Papillomaviruses can infect epithelia of humans and animals, resulting in most cases in asymptomatic infections. However many benign and several malignant disorders were shown to result from papillomavirus infections. Many different papillomaviruses have been described, most of them infecting humans. Animals have their own papillomaviruses but relatively few animal papillomaviruses are characterized or known at all. Even in common domestic animals, like the dog and the horse only one papillomavirus each had been studied in some detail in the past. This study was consequently initiated to shed more light onto the papillomavirus situation in these two species and to establish viable tools for this purpose. We were able to identify novel canine papillomaviruses (CPVs) associated with distinct clinical conditions. The DNA genomes from some of these viruses were cloned and sequenced. We found, that histologically distinct types of inverted papillomas seem to be associated with the
presence of DNA belonging to different CPVs. Sequence analyses of newly cloned CPV genomes revealed that these genomes belonged to the papillomavirus genera Lambda, Tau and Chi. This phylogenetic characterization was supported by analysis of other features, such as genome organization and genome size. Some clinical-pathological characteristics were also reflected in this categorization, above all the finding that all CPVs inducing pigmented plaques belonged to the Chi papillomavirus genus. Based on a careful evaluation of PCR assays it was possible to show that viral DNA could be detected in the clinically healthy tissue from oral mucosa and interdigital skin of dogs. As a first step towards developing a tool for future research on the mechanisms of virus cell interaction, we have in addition generated keratinocyte cell lines harboring and transcribing the DNA of CPV1, CPV3 or CPV5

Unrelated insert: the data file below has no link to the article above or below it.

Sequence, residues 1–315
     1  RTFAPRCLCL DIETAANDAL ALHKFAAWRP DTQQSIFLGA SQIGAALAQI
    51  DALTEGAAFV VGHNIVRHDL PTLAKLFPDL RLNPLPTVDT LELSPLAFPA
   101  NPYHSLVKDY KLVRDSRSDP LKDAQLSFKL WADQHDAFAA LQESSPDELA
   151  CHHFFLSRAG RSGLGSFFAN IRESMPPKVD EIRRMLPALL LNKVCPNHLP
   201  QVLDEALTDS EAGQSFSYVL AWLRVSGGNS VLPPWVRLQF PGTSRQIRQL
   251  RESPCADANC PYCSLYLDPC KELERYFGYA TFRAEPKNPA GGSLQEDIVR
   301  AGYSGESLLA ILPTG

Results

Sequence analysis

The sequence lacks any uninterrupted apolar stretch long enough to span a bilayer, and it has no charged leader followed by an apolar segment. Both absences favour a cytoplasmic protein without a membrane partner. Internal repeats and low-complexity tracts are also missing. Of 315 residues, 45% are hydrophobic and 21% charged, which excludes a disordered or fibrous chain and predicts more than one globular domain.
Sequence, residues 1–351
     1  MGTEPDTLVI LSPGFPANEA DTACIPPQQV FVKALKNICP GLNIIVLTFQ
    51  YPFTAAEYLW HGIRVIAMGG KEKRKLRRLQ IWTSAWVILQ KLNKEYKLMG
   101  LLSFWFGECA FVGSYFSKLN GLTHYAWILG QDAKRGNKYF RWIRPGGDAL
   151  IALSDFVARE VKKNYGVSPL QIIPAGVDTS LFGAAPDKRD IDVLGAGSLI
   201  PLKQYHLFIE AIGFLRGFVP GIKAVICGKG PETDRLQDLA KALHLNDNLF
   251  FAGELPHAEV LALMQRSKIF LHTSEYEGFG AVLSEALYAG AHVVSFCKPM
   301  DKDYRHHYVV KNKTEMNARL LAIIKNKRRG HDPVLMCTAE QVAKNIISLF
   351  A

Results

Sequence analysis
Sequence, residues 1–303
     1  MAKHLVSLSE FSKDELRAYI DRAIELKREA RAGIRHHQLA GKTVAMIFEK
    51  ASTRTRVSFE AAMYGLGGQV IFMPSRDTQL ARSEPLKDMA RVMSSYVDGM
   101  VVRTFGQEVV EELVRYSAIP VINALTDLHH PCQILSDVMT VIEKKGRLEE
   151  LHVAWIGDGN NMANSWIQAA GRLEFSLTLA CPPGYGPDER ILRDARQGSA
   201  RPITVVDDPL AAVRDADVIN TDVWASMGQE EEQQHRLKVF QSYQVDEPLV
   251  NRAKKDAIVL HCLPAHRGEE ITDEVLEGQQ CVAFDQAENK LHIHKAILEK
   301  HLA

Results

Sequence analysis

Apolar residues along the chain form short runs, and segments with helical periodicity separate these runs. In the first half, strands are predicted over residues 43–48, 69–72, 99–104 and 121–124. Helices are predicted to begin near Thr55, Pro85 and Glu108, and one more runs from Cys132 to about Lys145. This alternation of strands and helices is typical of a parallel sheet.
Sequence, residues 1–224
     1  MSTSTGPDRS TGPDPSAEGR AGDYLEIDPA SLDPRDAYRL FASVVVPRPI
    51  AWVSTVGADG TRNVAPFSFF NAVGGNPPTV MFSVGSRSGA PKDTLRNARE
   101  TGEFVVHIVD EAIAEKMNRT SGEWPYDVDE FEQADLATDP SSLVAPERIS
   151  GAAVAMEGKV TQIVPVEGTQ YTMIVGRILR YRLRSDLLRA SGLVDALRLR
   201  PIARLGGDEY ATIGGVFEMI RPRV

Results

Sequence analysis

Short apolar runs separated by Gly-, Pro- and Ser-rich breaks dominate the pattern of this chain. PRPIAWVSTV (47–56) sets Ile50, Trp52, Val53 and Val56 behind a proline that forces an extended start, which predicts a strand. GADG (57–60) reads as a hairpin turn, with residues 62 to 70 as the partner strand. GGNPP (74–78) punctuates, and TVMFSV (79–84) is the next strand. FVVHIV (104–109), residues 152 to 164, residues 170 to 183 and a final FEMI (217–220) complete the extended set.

respectively. We also conducted a related project on horse papillomaviruses. In the horse papillomatoses are a well known problem and have already been described in ancient times.
Curiously, the best known papillomavirus affecting horses so far is a bovine papillomavirus, BPV1, involved in the equine sarcoid. In this project, we identified equine papillomaviruses (EcPVs) in two other occasionally observed disorders, namely penile papillomas and aural plaques. We established PCR and in situ hybridisations and showed that samples of penile papillomas from the histological archive were positive for either of two described variants of EcPV2. Viral DNA was located in the nuclei of koilocytes, cells typical for active viral infection in the skin. This test might help in the molecular classification of equine papillomatoses.

Statistics

Downloads

304 downloads since deposited on 07 Nov 2011
43 downloads since 12 months
Detailed statistics

Additional indexing

Item Type:Dissertation
Referees:Greber U F, Favrot C, Fraefel C, Teifke J P, Hennet T
Communities & Collections:05 Vetsuisse Faculty > Institute of Virology
05 Vetsuisse Faculty > Veterinary Clinic > Department of Small Animals
Dewey Decimal Classification:570 Life sciences; biology
Language:English
Date:2011
Deposited On:07 Nov 2011 12:28
Last Modified:07 Dec 2017 09:29
Number of Pages:96

Download

Download PDF  'Genetic characterisation of canine and equine papillomaviruses and papillomatoses'.
Preview
Content: Accepted Version
Filetype: PDF
Size: 39MB